THE FISCAL policies and programmes of President John Evans Atta Mills' administration for this year has been described by the Minority in Parliament as a 'Sakawa' budget- a rehash of the erstwhile New Patriotic Party (NPP) regime's.
Immediately after the Minister of Finance, Dr. Kwabena Duffour delivered the highlights of the budget statement on the floor of Parliament yesterday, the Members of Parliament (MPs) from the Minority side raised flyers with inscriptions: 'Sakawa Budget', 'Alakpator Budget', and “Lying Budget”, shouting, “There is nothing new”.
According to them, the budget merely emphasized the continuation of ongoing programmes in all sectors of the economy, which were started by the NPP administration, without new and bold policy initiatives that would facilitate the growth of the economy in the midst of the current turbulent global financial crisis.
For instance, they pointed out that nearly all the road projects mentioned in the budget are already in progress including the Achimota-Ofankor (5.7km), Asankragwa-Enchi (56.4km), Bamboi-Tinga (53.4km), Berekum-Sampa Phase 2 (56.0km), Kumasi-Techiman Phase 2 (76.0km), Tetteh Quarshie-Madina (4.6km) and Tetteh Quarshie-Mallam (14.0km) stretches.
In a post budget presentation interview with DAILY GUIDE , the MPs and NPP gurus including Yaw Osafo-Maafo; O. B. Amoah, Aburi-Nsawam; Joe Baidoe-Anshah, Effia Kwesimintsim; Professor Yaw George Gyan-Baffour, Wenchi; Dr. Matthew Prempeh, Manhyia; Frema Osei- Opare, Ayawaso West Wuogon and Justice Joe-Appiah, Ablekuma North, summed up their views by saying President Mills' budget is without substance, clarity and vision. They described the budget as very a very disappointing one which would end up deceiving Ghanaians.
Yaw Osafo-Maafo, first Finance Minister under the Kufuor-led NPP Administration noted that the budget accurately captures the current economic trends in Ghana and globally without providing concrete measures that would significantly reduce the budget deficit of 14.9 percent to 9.4 percent of GDP for 2009 to engender accelerated economic growth of the economy.
Osafo-Maafo described the current budget deficit as stifling, noting that the projected figures are encouraging.
He was however quick to add that measures to attain the new projections are not specifically stated in the budget.
“There has to be specific measures to improve revenue and to reduce expenditure but those were not well articulated to achieve that level of reduction,” Osafo-Maafo pointed out.
According to him, the proposed reduction in petroleum taxes announced in the budget statement, although in line with campaign pledges of the NDC, will haunt the government that is desirous of making revenue generation a top priority in cutting the budget deficit.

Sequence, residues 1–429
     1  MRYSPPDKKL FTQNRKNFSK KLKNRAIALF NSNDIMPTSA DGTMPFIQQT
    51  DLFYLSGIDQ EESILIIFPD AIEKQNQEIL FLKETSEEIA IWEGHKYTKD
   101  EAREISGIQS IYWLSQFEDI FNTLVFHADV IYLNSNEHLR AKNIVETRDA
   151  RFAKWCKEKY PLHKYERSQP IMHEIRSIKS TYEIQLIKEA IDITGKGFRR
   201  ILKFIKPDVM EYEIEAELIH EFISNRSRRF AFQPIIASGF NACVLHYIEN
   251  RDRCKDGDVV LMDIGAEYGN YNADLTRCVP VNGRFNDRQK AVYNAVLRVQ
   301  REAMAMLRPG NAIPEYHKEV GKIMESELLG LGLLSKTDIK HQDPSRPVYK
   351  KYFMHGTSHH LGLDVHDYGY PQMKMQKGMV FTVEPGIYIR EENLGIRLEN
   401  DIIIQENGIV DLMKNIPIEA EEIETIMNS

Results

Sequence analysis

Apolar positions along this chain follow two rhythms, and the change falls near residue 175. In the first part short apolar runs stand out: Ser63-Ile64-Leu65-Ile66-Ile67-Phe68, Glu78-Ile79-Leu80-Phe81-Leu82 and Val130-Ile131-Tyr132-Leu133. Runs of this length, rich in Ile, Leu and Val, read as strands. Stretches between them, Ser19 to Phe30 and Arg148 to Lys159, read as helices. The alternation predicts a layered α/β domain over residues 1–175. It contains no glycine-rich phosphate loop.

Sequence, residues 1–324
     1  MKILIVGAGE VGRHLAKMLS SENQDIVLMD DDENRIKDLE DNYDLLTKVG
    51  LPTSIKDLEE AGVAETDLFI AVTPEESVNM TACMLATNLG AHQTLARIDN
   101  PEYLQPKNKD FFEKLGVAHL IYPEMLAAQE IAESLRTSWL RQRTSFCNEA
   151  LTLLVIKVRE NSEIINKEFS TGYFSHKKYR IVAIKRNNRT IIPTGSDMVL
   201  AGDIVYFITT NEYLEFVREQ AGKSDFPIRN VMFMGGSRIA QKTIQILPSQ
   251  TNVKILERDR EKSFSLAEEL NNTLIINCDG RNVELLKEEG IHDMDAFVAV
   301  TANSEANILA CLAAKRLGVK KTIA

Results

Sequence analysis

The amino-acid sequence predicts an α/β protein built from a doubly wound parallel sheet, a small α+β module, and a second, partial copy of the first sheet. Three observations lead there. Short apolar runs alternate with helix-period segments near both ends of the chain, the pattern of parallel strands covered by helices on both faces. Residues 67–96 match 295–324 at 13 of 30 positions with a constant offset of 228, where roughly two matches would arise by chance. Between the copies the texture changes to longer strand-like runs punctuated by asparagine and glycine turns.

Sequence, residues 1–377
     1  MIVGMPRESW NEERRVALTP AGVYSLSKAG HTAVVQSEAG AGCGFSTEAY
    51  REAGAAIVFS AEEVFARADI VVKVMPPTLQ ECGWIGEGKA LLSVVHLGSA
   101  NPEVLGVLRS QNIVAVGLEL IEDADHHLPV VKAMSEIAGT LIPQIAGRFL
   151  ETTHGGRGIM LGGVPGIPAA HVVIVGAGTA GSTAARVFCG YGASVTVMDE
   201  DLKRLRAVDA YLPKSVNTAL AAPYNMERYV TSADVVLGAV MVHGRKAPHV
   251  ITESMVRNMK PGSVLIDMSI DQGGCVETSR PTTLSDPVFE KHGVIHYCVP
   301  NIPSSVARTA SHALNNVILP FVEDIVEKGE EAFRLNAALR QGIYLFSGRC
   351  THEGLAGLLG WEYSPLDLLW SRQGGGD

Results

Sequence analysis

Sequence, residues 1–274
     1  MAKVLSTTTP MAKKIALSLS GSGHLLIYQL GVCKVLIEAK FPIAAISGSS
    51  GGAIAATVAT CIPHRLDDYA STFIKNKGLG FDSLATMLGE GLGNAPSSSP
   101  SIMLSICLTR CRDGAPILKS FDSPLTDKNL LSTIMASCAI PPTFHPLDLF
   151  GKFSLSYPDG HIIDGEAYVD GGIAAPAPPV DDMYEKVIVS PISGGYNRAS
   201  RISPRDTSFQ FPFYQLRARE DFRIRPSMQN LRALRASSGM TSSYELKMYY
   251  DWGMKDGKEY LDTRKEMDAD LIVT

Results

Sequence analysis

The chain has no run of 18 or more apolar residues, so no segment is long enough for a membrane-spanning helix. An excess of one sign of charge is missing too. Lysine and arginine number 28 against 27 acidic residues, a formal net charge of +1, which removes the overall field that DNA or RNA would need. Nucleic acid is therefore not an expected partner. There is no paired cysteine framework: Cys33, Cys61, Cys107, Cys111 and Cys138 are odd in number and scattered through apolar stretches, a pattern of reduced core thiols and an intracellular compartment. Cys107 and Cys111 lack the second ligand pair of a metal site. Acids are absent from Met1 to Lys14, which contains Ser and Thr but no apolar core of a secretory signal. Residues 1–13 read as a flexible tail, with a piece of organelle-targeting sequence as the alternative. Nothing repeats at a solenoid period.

He explained that taxes from petroleum forms a major part of Ghana's revenue, emphasizing that the reduction in taxes can significantly affect the efforts at improving the revenue base.
On his part, Hon. O. B. Amoah said he would like to see the full budget to make further scrutiny of the financial policy of government since what was presented on the floor of Parliament were the highlights.
The former Deputy Minister for Education, Science and Sports said a lot of issues under education have not been addressed.
“For instance, we have embarked on new educational reforms: what measures are being put in place to ensure that these reforms are carried through; that these reforms become very successful. I did not hear enough about some of these measures,” Hon. Amoah noted.
He pointed out that the highlights were mainly on policy interventions, “a few school uniforms here and there and I did not even hear much about the School Feeding Programme started by the ex-President Kufuor-led NPP administration”.
He noted that the school uniforms and Capitation Grant are not major issues under the new educational reforms, adding that there is the need to bring out measures to make the reforms successful and to improve the overall educational sector.
Former Minister for Trade and Industry and MP for Effia Kwesimintsim, Hon. Joe Baidoe-Anshah lamented the failure of the budget to put in place concrete measures that would support the growth of the private sector, trade and industry.
By announcing that the Airport Tax would be increased from $50 to $75, Hon. Joe Baidoe-Ansah pointed out that government would be increasing the cost of doing business in Ghana.
According to him, the expected increase would drastically reduce revenue in the tourism sector as many people would now be moving to other countries in the West Africa sub-region where airport taxes are quite low.
Akosua Frema Osei-Opare, MP for Ayawaso West Wuogon explained that the proposed increase in road tolls among others would increase the cost of goods and services as cargo trucks would be paying more levies.
The former Deputy Minister for Manpower and Employment submitted that there are no concrete plans in the budget to support state-owned enterprises (SOEs) to help provide jobs for the teeming unemployed youth in the country.
By Awudu Mahama & Sheilla Sackey